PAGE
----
When you look at Heather Larkin’s portraits of cherubic newborns, glowing moms-to-be, and sprightly fairies, resilience probably isn’t the first word that comes to mind. But fierce resilience is a defining trait of Larkin’s, an underlying strength that’s allowed her to create her magical world of Fairyography. With the help of flower garlands, flowy silks, and delicate wings, Larkin transforms mothers, babies, and children into the ethereal for an afternoon. Where her resilience plays a part is in the work you don’t see—or that you don’t realize you do see.
Based in Athens, Georgia, Larkin has been a photographer for nearly 20 years. Over the past 13, she’s devoted a portion of her sessions to children with medical hardships or disabilities. It’s an area of work that’s near and dear to her heart, harkening back to her pre-photographer days as a preschool teacher. Children with disabilities were a focus of her college degree work, and Larkin found delight and fulfillment in working with children who the world sometimes overlooked, she says.
Later, as a photographer, she found herself missing those interactions deeply and devised a plan to merge her background with her current work by donating a session to a girl nominated by the local community. She received only one nomination the first year, for a girl with a brain stem tumor.
“I feel so naive looking back,” says Larkin. “But at the time it didn’t cross my mind that she might not get better. I wanted her to feel amazing and give her something to make herself feel better later on, while she was getting chemo and losing her hair.”
Unfortunately, the tumor proved fatal. The girl’s portraits were displayed at her funeral, and Larkin was devastated.
“I was heartbroken, absolutely heartbroken,” says Larkin. “I could see a little bit of myself in this girl, and I so wanted her to live. Not only for herself and her parents, but the world needed what she had to offer, and she didn’t get a chance.”
At the funeral, the girl’s parents told Larkin that she would never know how much those portraits meant to them—a tangible remembrance to hold onto when they couldn’t hold their daughter. Heart-sick, Larkin didn’t think she could handle another session like that. But time brought fresh hope. She decided to try again a couple of years later, thinking the odds were in her favor for a happier ending.
“I thought it would get me back on the horse, so to speak,” says Larkin.
This time, she selected a girl with a heart condition.
“We did a beautiful session with her sisters, and she looked like this perfect little pixie with this tiny nose and big blue eyes, like she was sculpted out of pure magic,” says Larkin. Five months after the session, the child had a heart attack and died. Larkin found herself at another funeral hearing from another set of parents about the impact of her portraits.
“I was wrecked again,” she says of the girl’s death.
Here’s where Larkin’s strength took hold and changed the narrative. A year after that second funeral, she had a realization. “I thought, what if I do this again and I meet all kinds of kids, and instead of picking just one, I pick them all,” says Larkin. “I can make them all feel amazing.”
For a third time, Larkin called for recommendations of girls who needed a pick-me-up. She received nominations for girls with cancer, heart defects, early onset arthritis, developmental disabilities, the full gamut of children who needed to feel good about themselves and not set apart from their peers. She designed a once-a-year program to provide a free session to everyone who was nominated during the August application window. If the children had the interest and capacity to accept, she provided a session. Some kids were too sick to make it or weren’t interested in participating, but for the ones who were willing and able, a session was available. Now, Larkin typically takes on about 10 to 12 of these sessions each year in addition to her client work in maternity, newborn, and child portraiture. The experience has been rewarding.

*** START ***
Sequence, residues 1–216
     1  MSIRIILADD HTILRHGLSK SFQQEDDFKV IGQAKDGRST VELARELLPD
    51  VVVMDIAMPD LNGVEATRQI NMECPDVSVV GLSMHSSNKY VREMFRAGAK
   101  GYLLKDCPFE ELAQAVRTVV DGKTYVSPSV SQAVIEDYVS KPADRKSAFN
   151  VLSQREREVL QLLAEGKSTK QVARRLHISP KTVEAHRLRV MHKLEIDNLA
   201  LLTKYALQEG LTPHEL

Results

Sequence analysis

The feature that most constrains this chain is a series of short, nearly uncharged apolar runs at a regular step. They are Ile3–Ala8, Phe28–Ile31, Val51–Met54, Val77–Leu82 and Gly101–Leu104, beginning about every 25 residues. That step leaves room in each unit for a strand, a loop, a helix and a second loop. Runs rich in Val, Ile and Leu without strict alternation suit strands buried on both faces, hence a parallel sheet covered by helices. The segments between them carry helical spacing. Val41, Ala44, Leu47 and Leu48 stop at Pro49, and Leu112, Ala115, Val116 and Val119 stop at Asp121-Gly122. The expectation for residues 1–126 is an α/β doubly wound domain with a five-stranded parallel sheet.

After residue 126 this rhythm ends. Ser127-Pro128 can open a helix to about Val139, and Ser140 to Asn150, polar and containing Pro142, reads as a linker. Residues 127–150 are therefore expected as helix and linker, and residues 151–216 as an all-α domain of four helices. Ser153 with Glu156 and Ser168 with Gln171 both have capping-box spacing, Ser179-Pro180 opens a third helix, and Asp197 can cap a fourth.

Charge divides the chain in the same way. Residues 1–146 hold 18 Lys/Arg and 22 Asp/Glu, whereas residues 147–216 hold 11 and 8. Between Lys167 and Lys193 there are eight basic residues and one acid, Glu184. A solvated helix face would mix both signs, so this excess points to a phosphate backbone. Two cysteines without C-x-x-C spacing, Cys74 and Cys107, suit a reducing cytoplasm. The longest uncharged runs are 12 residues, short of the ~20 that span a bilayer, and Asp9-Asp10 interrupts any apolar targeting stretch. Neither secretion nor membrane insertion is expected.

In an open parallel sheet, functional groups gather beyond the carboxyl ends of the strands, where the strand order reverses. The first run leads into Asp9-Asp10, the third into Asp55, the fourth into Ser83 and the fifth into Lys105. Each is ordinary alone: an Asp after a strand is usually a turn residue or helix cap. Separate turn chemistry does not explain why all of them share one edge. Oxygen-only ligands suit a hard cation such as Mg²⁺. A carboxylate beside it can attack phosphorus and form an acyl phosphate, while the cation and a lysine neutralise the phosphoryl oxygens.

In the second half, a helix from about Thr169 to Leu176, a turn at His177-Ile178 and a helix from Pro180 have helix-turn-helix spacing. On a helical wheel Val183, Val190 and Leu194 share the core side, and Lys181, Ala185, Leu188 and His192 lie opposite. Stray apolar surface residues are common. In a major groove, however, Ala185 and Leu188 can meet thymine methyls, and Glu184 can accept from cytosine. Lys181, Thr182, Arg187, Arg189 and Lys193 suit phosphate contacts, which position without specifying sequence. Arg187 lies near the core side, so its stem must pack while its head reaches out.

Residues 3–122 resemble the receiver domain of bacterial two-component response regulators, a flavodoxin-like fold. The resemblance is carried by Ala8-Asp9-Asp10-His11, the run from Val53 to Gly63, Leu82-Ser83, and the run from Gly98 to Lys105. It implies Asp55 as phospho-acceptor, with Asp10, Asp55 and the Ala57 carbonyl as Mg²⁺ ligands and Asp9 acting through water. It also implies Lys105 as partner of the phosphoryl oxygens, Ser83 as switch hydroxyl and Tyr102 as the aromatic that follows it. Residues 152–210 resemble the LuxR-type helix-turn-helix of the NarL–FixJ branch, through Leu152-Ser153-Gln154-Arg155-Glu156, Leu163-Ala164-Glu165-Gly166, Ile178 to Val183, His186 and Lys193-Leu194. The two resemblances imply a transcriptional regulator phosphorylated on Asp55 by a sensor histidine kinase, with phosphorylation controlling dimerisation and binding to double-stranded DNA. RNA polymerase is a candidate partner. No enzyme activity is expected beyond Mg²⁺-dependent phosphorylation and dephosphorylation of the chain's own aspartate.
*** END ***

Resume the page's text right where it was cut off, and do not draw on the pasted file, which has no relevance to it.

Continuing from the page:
“I have met girls who are so much more than their diagnosis,” says Larkin. “I feel so privileged to see these girls and share them with everyone else.”
The work is uplifting for Larkin, even with the inevitable losses that come with it. But she takes comfort in knowing that her work has made an important impact on the families left behind. In many cases, she understands the sad ending her client will face. One child, for example has Leigh syndrome, a mitochondrial disease that prevents the body from turning sugar into energy. People with this disease typically don’t live past the age of five, although some live long enough to see their 21st birthday. The client was six at the time.
“She is one of the cutest, sweetest, kindest little girls,” says Larkin. “I cried the entire way home from the session because I know at some point they will lose her. It’s not a maybe.”
But some stories have a happier ending, like the nomination that initially sunk Larkin’s heart to her stomach: a longtime client who’d been diagnosed with a brain tumor. Fortunately, a successful surgery led the girl to a full recovery.
Larkin’s friends tease her about her Pollyanna-like ability to tap into a deep spring of seemingly eternal optimism. Making each client feel special for an afternoon and creating a positive experience for each family is the fairy dust that buoys Larkin’s drive to keep moving forward.
“I get super sad and really angry that the world can be this callous and cruel,” she says. “And I’ll think that I don’t want to do this anymore. But then another year rolls around and I say I’ll do it again because I realize the impact I’m making is helping their lives. The sadness gets to me, but it doesn’t stay.”
Stephanie Boozer is a writer in Charleston, South Carolina.